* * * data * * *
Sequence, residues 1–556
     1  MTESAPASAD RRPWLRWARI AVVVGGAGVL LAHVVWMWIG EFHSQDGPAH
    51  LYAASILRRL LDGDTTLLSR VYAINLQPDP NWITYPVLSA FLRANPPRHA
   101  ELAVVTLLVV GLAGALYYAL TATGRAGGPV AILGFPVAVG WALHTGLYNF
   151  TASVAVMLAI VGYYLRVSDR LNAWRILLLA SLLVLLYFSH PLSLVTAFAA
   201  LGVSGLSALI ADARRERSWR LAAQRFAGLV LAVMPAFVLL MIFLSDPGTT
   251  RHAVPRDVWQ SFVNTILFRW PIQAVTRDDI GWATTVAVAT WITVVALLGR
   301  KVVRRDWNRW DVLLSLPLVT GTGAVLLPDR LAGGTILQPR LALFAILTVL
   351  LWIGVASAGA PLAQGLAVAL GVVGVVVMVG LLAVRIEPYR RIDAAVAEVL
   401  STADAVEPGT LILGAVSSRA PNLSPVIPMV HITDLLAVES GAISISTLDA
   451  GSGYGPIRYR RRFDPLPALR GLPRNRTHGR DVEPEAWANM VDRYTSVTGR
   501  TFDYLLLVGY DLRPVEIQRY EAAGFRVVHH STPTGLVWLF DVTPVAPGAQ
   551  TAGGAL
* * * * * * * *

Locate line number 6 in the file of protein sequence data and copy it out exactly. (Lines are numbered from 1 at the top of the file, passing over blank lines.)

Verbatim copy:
   201  LGVSGLSALI ADARRERSWR LAAQRFAGLV LAVMPAFVLL MIFLSDPGTT